I’ll definitely check your blog out, because I’m interested in hearing more about your current position and how you got there. And I completely agree that coming out as someone who has left behind most of the usual trappings of Christianity is daunting — I would imagine that it is much like coming out as gay. But I know that my wife and I are much happier that we’re not hiding our beliefs any longer. And while your situation is somewhat different from mine since your wife is still a believer, I do think the sooner you can open up to her about it, the better. These things tend to have a way of coming out, and it seems like it would be harder if she realized that you’d kept it from her for a long time. Of course, I don’t know her, so my advice might be terrible. 🙂

    But I’m very glad you commented, and I really appreciate what you had to say. Hope to hear from you again soon. Take care!

    Like

  8. Just dropping by to let you know I have been reading all your posts about your deconversion. I’ve been enjoying reading your story in more detail!

    Like

  9. Hi, great blog and great post. I am pretty much at the point you were in this post, but I have chosen to “fake it”. Actually, not really fake it so much, because at bible studies, etc I am up front about my doubts. But unlike your church, ours, though pretty conservative, is still accepting of doubt. And besides, I can’t guarantee that nothing will ever happen to convince me that Christianity isn’t real. I still pray every night – basically saying “Christianity says we can have a personal relationship with you, so if you are willing to talk, I would love to listen” but so far He does not seem to have taken me up on the offer. They usually leave the “hard stuff” out of the kid’s Sunday school, but I (or they actually) usually end up bringing it up. My 10 year old son asked “Why couldn’t God just kill the firstborn of the Pharaoh and the leaders?” – good question! I think 90% of the Bible is just metaphor anyway, so it really doesn’t phase me.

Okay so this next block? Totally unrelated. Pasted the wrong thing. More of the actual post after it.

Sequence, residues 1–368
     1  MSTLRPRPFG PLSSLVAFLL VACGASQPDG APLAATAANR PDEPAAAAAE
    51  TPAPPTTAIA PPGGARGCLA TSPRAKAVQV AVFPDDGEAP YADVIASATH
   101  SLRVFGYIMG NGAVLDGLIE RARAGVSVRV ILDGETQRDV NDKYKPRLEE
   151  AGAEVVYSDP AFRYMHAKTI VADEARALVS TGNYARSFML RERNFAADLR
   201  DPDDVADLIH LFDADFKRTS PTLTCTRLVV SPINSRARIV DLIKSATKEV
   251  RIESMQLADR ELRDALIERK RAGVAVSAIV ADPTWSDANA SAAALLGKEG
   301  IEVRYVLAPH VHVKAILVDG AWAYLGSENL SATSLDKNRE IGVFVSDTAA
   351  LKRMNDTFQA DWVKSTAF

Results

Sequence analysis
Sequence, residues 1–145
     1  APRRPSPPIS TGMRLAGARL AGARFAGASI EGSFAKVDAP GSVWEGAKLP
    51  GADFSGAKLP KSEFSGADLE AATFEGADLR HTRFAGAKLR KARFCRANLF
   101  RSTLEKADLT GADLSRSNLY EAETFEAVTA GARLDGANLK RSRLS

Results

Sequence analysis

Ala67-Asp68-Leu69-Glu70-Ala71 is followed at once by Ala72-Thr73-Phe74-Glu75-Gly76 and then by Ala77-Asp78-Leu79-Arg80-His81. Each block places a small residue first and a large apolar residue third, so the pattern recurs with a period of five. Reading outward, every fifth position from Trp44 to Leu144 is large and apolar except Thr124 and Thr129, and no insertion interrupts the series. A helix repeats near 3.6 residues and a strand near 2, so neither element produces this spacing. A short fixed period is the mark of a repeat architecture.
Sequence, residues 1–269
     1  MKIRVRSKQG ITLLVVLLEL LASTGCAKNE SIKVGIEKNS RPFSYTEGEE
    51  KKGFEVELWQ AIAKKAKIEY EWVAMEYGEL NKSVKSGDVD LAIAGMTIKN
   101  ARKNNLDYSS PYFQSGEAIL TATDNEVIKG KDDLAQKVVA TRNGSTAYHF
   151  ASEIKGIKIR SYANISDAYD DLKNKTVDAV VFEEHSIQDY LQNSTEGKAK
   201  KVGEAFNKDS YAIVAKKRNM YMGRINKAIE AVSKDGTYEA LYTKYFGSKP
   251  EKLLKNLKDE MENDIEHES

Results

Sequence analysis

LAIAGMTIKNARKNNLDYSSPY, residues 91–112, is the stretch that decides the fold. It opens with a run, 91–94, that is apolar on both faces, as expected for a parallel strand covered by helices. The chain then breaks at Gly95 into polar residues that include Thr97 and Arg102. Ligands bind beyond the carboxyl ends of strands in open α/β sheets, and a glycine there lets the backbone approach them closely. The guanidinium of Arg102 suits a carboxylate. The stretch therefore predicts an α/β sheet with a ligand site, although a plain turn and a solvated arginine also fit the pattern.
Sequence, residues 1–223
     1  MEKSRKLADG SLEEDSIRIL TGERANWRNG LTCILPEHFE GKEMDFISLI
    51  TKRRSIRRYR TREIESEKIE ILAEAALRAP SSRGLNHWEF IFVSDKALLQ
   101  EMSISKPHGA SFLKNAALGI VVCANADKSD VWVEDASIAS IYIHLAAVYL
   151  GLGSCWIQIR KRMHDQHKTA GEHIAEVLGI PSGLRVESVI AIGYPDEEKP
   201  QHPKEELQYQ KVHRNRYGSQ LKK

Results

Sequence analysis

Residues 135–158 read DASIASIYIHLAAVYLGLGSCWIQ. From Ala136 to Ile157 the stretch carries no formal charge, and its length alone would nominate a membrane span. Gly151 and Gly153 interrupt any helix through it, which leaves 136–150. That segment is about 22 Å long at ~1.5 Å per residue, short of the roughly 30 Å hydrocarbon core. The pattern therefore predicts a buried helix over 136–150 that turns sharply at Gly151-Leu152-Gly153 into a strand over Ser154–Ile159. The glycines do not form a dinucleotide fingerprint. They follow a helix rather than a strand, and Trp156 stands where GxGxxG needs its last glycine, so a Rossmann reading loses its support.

Like

  10. T.J. , I have lost the need to pray like I used to (like most Christians do). I no longer ask for material things. However, once in a while I pray when I am in a very difficult situation and ask for patience, peace, wisdom, etc. I still do this because I still believe there is a mysterious God (or whatever you want to call it) that created all of this and wants us to do good. We are here to learn how to love unconditionally (thus live the “Kingdom of Heaven”) by serving others. Maintaining a relationship with God is important, and will keep us from reversing back to our selfish and natural ways (sin).